Playing Tetris in the early nineties, I found that there are some simple heuristics that allow you to play the game with the least amount of risk. Would you believe it was for an AI class?
1. Always leave a place to put one of the shapes that would leave no gaps, if possible.
2. Never expect a certain shape to appear.
3. Only work with the current piece and the next piece.
Or better yet, get more points and only work with the current piece (since tetris scores higher with preview turned off).
Or try to understand the random piece generator.
has some rules that are analogous:
In Tetris when you build your structure expecting a long straight piece, you open yourself to risk by building the structure too high, and you have no guarantee that the shape you expect will come into play. If it doesn't you need to madly rush to make the structure smaller.
Likewise in programming if you build too much structure early expecting certain requirements, you open yourself to risk by creating infrastructure that is never used, but needs to be maintained. After a while you decide you need to clean up
Is this maybe a pattern for areas where uncertainty exists?
High-end tetris play also has a couple of heuristics you should probably NOT apply to programming, notably:
1. Cover up your mistakes instead of trying to fix them.
2. Avoid rotating the pieces if you can make a line even if it results in covered up gaps, because at level 50+ speeds the cost of a mis-rotation is much greater than the cost of your structure being one line higher.
Level 50+ on what implementation?
The arcade version is pretty much all I've ever played.
[mar 2005] lately I've been playing Quinn (os x version) and today I finally scored more than a million points (1 124 000). My tetris rate was kind of low though, only 53 tetrises. Now, if I could only program at that level...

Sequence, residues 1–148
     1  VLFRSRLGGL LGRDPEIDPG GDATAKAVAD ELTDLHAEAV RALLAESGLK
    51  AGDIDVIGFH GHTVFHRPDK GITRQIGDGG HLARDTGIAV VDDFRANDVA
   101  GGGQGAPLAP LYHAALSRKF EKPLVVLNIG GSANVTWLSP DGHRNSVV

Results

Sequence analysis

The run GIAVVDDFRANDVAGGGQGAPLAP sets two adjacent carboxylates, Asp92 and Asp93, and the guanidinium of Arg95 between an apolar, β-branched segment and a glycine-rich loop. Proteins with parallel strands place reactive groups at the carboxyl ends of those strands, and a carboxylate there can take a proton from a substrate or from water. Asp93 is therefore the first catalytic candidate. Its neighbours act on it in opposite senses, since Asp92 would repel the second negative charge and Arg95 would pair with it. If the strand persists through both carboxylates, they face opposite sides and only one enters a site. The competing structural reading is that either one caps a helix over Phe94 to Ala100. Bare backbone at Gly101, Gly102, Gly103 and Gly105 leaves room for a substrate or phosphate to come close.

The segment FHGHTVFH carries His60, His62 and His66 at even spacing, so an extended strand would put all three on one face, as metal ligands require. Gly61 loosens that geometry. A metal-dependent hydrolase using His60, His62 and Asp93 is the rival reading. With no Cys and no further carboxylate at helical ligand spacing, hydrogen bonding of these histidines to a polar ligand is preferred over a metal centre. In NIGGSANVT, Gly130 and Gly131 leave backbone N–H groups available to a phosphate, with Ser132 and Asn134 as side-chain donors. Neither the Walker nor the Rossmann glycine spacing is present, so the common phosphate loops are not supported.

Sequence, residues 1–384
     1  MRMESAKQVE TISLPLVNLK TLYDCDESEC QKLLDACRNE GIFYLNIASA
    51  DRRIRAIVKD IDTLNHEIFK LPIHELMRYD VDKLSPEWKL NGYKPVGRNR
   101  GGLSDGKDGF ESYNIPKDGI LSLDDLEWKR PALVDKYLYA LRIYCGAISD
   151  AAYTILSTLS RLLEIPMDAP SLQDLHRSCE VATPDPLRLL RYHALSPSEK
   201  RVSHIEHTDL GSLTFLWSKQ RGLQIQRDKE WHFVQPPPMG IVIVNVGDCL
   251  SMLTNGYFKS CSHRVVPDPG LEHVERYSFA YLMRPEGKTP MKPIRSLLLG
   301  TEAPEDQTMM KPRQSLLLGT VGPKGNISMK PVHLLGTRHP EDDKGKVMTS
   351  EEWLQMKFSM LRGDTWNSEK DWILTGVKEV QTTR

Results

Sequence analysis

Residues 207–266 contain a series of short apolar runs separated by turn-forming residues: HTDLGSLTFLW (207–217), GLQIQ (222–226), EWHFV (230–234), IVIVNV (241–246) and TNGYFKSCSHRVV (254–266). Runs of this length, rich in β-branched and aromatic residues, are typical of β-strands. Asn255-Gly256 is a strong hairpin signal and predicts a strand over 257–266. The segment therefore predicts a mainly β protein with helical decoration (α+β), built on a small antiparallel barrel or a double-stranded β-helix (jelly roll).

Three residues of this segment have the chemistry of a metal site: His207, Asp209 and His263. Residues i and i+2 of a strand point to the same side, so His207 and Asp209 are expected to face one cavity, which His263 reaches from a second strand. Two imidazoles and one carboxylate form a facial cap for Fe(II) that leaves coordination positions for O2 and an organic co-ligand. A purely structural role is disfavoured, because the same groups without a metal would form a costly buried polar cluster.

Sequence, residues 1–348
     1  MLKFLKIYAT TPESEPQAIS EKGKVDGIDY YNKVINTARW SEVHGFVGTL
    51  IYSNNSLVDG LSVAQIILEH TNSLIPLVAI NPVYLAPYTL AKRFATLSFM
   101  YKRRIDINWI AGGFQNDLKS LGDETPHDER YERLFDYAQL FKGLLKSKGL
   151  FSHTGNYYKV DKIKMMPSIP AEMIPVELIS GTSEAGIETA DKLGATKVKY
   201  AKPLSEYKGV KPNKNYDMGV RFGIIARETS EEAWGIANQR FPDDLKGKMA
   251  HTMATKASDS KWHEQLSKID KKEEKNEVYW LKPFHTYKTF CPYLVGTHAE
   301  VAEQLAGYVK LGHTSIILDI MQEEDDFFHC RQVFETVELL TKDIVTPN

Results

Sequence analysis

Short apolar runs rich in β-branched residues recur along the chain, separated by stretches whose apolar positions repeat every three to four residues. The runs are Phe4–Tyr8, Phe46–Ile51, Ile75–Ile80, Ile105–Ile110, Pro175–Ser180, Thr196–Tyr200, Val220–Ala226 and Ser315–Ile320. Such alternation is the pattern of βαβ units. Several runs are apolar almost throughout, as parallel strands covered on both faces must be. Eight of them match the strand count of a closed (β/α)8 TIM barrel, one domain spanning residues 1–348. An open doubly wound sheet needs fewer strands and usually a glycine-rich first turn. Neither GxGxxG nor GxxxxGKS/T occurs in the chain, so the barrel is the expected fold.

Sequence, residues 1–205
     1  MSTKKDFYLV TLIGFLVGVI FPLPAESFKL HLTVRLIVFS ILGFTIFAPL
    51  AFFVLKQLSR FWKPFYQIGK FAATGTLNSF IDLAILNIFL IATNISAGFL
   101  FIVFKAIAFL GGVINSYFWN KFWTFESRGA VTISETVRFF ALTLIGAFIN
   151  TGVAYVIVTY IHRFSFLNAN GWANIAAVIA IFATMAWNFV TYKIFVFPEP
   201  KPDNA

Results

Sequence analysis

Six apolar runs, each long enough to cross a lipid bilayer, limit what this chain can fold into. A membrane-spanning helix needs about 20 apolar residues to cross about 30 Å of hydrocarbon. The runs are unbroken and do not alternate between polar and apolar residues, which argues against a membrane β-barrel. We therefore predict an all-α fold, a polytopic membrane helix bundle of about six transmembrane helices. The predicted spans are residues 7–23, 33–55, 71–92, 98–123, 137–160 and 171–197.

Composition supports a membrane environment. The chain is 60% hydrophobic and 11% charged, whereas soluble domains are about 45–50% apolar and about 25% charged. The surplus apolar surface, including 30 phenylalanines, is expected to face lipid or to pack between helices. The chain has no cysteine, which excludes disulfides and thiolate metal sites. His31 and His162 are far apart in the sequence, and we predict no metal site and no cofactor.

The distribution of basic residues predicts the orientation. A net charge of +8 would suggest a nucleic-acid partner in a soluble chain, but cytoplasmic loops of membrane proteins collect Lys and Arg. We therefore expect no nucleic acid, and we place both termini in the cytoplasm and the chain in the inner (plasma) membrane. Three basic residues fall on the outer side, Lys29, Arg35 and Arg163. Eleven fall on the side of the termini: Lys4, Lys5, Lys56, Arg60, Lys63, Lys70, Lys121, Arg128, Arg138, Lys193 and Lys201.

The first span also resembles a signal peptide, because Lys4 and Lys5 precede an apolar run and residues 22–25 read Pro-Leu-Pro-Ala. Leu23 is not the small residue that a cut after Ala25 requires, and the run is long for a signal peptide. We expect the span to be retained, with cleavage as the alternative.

High-end tetris play can be thought of as working close to a deadline (where time is critically low), where getting lines (user stories) is more important than avoiding gaps (smells). Therefore, the analogy of the above two rules in XP would be, when close to a deadline:
1. Build on top of your smells instead of trying to fix them.
2. Avoid refactoring the code if you can make a user story even if it results in smells, because when near a deadline the cost of a mis-refactoring is much greater than the cost of you having more smelly code.
What can we learn from the experience of high-end tetris players?
[In Tetris when you build your structure expecting a long straight piece, you open yourself to risk by building the structure too high, and you have no guarantee that the shape you expect will come into play. If it doesn't you need to madly rush to make the structure smaller.]:
As an experienced TetrisPlayer?
(at least 10 years ago) I remember, that you needed the tetrisses to get enough points. To do so, I wouldn't expect
a tetris, but instead continuously keep a gap for a tetris open on the left or right. This can be done 'easily' without destroying your structure by fitting pieces partly into the gap in such a way, that it would form one or two complete lines at the top of the gap but retain the shape of the gap.
Now, what would that
mean in XP methodology? -- GunnarZarncke
Answering myself a few years later (and with more experience with such projects):
The large piece which brings a lot of points is the somewhat anticipated large epic which the project owner always wanted to sell and now did. If you didn't anticipate that by some
structure you will likely be unable to do it in time by normal refactoring.
Whether this investment comes true in XP depends on the real pricing involved. -- GunnarZarncke
I have found it more enjoyable and more productive (mentally) doing PairTetrisPlaying
with a friend. --JeffDay
This is great! It seems like the perfect foundation for teaching a whole generation of Programmers a development methodology. AlistairCockburn
comes to mind as a similar "Do the right thing given you can only predict so far into the future" kind of message. --MichaelLeach
To be confused with TesseractShape
Tetris has now been found to be an NP-Complete problem. Draw your own conclusions.
Strangely enough, the same skills developed playing Tetris tend to serve one well when doing stack gymnastics with ForthLanguage
"Tetris is so unrealistic."
See also ForgeCode